What goes on in a Soulful Yoga class?
Thinking about joining a yoga class but not sure what to expect?
I thought it would be good to explain a bit about my classes so you can have a better idea of what goes on.
I always start my classes with at least 5 minutes of tuning in. This is time to let go of everything that’s come before in the day and all that may come after the class and enter in to the present moment. We spend a few moments bringing our attention inwards and get used to being aware of our bodies, breath and energy. To practice yoga effectively it’s vital that we have awareness of and attention on our bodies and not be off lost in thoughts about other things. From this place of presence we are able to listen to ourselves and move in a way that is beneficial and won’t do us harm, we are also able to pick up on the more subtle messages from our bodies that can lead to big insights in our practice.
During this tuning in time we will often use some conscious, gentle breathing techniques to ground us and help us to settle in to our resting state. Yoga and meditation are wonderful tools for taking us out of stressful states and settling us in our parasympathetic nervous system (PNS), the rest and digest state the is so vital to a peaceful, happy existence. These initial quiet, calming moments at the beginning of a class help to activate our PNS and set us well on the way to reaching that mindful, calm headspace.
Next we begin the asana part of our class (asana is the sanskrit word for the physical yoga postures). Generally we start slow with a series of postures to warm and wake up the body. I love this part of the class because it gives us a chance to move with awareness and learn how to hold our attention on particular body parts. It can be surprising how little awareness or time we give to our bodies in day to day life and simply becoming aware of our bodies can have transformative effects on our lives.
Once we’ve warmed up we move into a series of postures to help us explore the theme of the class. I love to bring in a bit of gentle vinyasa (flow) and a healthy dose of balance to counteract the movement with some much needed stillness. All of this is aimed at being accessible to all people with all different experience and fitness levels. Variations of postures are given where necessary so you can meet yourself in whatever place your at on the day and give yourself exactly what you need in that moment.
To finish the physical part of our class we usually come down to the ground to wind down. Here we may hold postures for a little longer and explore our bodies with a little yin flavour. Bringing some sumptuous, calming stretches in at the end is a lovely way to finish our practice and help us to get ready for our shavasana relaxation.
Last but not least is 15 minutes of yoga nidra. Yoga nidra or yogic sleep is the ultimate in rest and relaxation. During this guided meditation style practice we move through the different levels of our being, physical, mental, emotional and spiritual to bring in deep relaxation and let go of any tensions. Nidra is practiced laying down and is a beautiful way to end a yoga class, giving our bodies time to integrate the work done during the physical postures. When practiced regularly yoga nidra can have profound beneficial effects on our lives.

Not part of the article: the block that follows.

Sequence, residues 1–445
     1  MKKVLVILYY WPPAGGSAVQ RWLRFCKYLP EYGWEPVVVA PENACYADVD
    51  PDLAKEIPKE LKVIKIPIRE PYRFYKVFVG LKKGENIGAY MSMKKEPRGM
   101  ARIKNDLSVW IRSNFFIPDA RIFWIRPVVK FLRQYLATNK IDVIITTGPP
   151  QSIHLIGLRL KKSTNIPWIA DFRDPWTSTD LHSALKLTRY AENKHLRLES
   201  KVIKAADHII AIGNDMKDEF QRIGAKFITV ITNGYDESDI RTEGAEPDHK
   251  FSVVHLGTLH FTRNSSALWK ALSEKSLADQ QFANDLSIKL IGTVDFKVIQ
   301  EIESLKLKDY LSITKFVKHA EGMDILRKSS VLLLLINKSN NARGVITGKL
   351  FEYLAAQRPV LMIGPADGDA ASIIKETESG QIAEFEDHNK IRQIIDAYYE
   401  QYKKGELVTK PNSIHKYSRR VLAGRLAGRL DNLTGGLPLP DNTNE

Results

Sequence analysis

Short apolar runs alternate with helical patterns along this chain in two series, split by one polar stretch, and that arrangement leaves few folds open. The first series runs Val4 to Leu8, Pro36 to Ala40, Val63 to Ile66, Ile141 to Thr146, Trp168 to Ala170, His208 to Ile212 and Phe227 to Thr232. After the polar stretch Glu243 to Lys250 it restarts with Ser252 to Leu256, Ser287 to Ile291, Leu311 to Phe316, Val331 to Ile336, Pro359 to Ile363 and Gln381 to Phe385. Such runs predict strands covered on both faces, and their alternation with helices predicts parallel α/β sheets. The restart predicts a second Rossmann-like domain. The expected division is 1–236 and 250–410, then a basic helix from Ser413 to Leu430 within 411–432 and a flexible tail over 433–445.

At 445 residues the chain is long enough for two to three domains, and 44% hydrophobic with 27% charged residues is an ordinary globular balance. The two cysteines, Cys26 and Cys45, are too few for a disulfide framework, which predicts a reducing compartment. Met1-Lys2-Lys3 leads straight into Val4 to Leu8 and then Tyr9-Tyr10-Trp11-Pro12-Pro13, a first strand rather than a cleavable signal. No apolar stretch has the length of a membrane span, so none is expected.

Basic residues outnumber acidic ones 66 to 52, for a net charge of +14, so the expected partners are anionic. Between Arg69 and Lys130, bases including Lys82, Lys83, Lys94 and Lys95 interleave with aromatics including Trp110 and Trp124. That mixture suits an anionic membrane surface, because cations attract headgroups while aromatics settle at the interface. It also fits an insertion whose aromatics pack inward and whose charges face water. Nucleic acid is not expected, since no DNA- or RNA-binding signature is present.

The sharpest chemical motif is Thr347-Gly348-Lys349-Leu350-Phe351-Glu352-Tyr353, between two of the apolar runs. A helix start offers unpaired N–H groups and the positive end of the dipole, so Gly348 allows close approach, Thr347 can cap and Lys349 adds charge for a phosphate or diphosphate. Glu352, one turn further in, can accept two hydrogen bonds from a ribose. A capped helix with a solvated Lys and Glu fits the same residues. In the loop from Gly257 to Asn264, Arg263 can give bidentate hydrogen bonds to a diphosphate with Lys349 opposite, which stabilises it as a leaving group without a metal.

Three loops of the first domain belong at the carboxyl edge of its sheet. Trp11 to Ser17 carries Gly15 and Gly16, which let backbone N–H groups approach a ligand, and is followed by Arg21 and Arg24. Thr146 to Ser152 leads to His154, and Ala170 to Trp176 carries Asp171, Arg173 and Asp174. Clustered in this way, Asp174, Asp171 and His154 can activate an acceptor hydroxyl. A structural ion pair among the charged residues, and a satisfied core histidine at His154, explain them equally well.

In each of my classes we explore different themes, using our yoga pratice to gain greater understanding and exploration of ourselves and life in general. Generally we will stick with a theme for 2 weeks to a month and through out this time the series of postures practiced in class will be similar each week. This gives us time to really learn, understand and embody the postures but a slight amount of variation in the series keeps it interesting and fresh and helps us to explore the theme from different angles.
My classes are traditional Hatha style yoga but I am also hugely influenced by my teacher Swami Atma Gyanam Saraswati and his Bhava yoga approach. Bhava is all about the feeling of each posture and embodying each posture on all levels to gain greater insights and understanding of ourselves and the asanas. One of my favourite examples of this is in downward facing dog, Adho Mukha Svanasana, to bring the bhava of this pose in one must conjure the image of a dog stretching and embody that feeling. Delicious, long, dynamic backbend, bum heading up to the sky and really enjoying stretching out and sinking in to this shape. You can’t help but feel good and enjoy it so much more when you bring to mind this image, dogs clearly feel great when they stretch like this and to embody that is to feel great too. I love to bring these ideas in to my classes and add an exrta dimension to the postures.
Currently All my classes are recorded (me only, not the students taking part) and are available on catch up if you can’t make the live time.
Much love beauties x